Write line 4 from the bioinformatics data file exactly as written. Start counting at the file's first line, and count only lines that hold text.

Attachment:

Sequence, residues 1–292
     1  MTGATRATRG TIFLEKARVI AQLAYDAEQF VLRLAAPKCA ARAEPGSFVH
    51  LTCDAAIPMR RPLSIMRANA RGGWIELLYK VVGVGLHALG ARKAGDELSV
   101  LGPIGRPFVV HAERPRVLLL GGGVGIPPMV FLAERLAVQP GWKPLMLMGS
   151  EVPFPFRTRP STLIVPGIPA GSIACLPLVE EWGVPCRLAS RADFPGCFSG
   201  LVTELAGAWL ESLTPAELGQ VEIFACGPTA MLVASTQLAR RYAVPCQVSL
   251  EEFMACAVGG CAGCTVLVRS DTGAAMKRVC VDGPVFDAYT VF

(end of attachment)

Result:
   101  LGPIGRPFVV HAERPRVLLL GGGVGIPPMV FLAERLAVQP GWKPLMLMGS